Four workplace issues commonly faced by employers at this time of year can be:
- The Christmas Party
As Christmas approaches, the airwaves commonly tell of stories concerning inappropriate behaviour in the workplace and sexual harassment claims arising perhaps during a work place party or the like. This is an important reminder of the significance of respecting dignity at work and of having appropriate bullying and harassment policies in place.
Employers need to be vigilant that employees understand that just because they are attending the Christmas party, it does not mean that normal rules around appropriate workplace behaviour do not apply for the night. Employees should be trained and briefed, or, at the very least, reminded that they are expected to observe any respect and dignity at work and/or bullying/harassment policies at work-related events. Employers should introduce these policies where they currently are not in place. Policies should include references to work-related social events.
- Public Holidays
Under the Organisation of Working Time Act 1997 (1997 Act) there are three public holidays over the Christmas period. 1) Christmas Day, 25th December; 2) St Stephen’s Day, 26th December; and 3) New Year’s Day, 1st January. Employees who qualify for public holiday benefit will be entitled to one of the following:
- A paid day off on the public holiday.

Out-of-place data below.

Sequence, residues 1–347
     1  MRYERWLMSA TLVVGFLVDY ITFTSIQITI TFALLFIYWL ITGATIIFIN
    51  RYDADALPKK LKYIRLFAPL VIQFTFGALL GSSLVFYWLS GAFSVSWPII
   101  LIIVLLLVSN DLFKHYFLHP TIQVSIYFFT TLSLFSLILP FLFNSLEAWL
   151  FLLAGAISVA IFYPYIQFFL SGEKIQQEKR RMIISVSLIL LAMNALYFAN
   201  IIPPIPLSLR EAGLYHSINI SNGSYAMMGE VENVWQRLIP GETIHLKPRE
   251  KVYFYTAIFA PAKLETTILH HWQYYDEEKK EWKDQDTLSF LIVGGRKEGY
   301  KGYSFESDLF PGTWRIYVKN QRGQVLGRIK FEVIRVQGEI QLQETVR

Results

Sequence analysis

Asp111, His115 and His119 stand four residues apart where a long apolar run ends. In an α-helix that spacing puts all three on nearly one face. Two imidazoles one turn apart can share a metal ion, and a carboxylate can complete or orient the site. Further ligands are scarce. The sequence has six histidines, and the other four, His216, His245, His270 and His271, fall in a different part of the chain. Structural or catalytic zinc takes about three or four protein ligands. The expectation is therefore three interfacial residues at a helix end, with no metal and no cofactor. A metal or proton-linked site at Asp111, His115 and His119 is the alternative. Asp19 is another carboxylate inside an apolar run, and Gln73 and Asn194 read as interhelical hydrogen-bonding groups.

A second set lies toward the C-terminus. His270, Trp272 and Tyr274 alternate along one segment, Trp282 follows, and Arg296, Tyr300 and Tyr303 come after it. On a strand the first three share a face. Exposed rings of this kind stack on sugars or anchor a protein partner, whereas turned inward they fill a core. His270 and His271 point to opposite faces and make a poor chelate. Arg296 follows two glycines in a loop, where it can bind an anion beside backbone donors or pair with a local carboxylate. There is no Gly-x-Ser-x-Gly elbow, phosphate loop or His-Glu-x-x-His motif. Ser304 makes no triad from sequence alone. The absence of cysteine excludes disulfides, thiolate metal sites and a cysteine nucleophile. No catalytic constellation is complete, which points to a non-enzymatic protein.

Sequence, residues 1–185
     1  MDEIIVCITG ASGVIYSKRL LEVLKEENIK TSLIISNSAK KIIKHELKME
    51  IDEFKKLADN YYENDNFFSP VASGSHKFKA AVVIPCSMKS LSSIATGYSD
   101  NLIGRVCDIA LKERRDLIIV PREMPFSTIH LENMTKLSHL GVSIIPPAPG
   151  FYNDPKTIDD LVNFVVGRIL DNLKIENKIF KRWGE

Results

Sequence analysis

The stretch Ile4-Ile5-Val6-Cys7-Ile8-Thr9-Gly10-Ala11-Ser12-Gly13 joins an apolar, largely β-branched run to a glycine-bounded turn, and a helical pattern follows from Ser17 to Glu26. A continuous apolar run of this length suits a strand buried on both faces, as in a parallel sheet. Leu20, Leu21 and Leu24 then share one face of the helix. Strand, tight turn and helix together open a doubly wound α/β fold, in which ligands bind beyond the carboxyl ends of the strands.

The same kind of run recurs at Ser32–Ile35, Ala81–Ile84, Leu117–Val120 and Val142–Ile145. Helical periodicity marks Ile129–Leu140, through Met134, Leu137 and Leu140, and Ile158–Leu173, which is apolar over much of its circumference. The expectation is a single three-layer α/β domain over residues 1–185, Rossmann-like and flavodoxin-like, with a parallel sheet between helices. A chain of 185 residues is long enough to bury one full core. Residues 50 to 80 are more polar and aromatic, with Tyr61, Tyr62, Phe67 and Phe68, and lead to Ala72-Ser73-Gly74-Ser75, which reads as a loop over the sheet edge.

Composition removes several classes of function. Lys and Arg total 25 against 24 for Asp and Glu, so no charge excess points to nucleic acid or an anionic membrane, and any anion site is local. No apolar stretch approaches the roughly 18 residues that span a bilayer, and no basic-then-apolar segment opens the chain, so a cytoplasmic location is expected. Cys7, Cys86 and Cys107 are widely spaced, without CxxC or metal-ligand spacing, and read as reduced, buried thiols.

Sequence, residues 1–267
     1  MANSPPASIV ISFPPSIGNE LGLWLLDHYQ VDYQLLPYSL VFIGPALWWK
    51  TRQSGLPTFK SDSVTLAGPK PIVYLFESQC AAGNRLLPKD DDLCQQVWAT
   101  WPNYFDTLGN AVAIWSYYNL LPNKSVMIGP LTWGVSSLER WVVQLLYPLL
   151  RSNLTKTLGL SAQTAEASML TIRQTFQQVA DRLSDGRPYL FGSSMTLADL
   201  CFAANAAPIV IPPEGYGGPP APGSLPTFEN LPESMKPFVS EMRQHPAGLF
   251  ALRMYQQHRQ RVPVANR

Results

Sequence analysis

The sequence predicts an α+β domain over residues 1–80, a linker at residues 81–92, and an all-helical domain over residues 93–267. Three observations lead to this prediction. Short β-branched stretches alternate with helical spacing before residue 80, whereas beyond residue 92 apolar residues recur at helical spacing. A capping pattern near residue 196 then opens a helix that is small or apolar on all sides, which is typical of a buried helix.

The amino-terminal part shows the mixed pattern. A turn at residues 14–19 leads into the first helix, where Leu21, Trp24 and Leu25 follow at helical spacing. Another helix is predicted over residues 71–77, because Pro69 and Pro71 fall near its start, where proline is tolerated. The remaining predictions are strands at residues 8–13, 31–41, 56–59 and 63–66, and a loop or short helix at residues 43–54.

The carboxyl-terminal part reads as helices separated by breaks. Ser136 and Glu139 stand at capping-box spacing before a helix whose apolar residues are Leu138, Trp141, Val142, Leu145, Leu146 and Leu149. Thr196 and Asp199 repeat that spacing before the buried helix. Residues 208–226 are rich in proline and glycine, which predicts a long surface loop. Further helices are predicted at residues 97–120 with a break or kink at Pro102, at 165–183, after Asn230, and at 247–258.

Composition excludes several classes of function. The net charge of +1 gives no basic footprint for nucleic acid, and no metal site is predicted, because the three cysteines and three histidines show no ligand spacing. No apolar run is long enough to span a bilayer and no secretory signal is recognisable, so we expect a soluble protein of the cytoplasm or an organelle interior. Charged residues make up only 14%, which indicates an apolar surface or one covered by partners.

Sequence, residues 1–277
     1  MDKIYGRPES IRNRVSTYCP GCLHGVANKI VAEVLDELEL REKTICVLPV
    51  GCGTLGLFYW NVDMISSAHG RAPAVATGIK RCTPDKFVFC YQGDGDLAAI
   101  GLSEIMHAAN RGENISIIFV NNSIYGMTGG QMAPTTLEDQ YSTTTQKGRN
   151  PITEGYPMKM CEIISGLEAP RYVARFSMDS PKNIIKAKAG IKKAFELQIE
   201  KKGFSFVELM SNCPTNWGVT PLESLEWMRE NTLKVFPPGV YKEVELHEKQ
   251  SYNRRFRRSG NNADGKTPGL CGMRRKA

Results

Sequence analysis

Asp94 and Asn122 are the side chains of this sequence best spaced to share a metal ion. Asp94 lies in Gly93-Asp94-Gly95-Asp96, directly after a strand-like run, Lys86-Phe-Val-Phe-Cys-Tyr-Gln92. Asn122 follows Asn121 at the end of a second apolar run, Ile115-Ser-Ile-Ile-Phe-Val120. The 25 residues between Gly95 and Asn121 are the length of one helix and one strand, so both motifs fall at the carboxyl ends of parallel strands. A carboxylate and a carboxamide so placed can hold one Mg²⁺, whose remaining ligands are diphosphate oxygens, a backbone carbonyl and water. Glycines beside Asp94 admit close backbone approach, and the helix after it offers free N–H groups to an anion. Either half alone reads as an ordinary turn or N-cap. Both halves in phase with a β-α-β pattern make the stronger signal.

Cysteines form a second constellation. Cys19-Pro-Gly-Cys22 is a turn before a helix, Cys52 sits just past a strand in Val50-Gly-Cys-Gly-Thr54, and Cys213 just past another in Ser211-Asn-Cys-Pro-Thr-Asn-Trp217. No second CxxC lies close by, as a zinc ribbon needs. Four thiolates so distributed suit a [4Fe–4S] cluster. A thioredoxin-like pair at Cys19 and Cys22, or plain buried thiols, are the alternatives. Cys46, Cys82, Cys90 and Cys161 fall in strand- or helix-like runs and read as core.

- An additional day of annual leave.
- An additional days pay, or
- A paid day off within a month of the public holiday.
Most employees are entitled to the benefit of public holidays. One exception applies to part-time employees who have not worked for their employer for at least 40 hours in total in the five weeks before the public holiday.
- Adverse Weather Days
Where employees are not required to attend work due to adverse weather, for example, because the employer has closed for the workplace for the day or the employer asks them not to come in, or to leave early, then employees should be paid as normal.
When the employer’s business remains open and employees are unable to attend due to safety concerns taking into consideration any custom and practice in operation within the employer, there is no obligation on employers to pay employees during this time.
Absent of any policy on the issue, consider this and communicate to employees, if appropriate, how time-off during this time will be treated. For example, the employer may:
- Continue to pay employees as normal.
- Require the employee to work from home.
- Allow employees to take the missed time from their paid annual leave entitlement, or
- Agree that employees can make up the missed time at a later date.
- Decorating the Office
Under health and safety legislation, employers are obliged to provide and maintain a safe place of work for employees. While employer’s health and safety obligations need not dampen the festive spirit in the workplace, employers should take common sense worker safety precautions when it comes to decorating the office for Christmas.
Employers should take precautions such as making sure that Christmas trees are not blocking fire escape routes or exits and checking any novelty items for defects.
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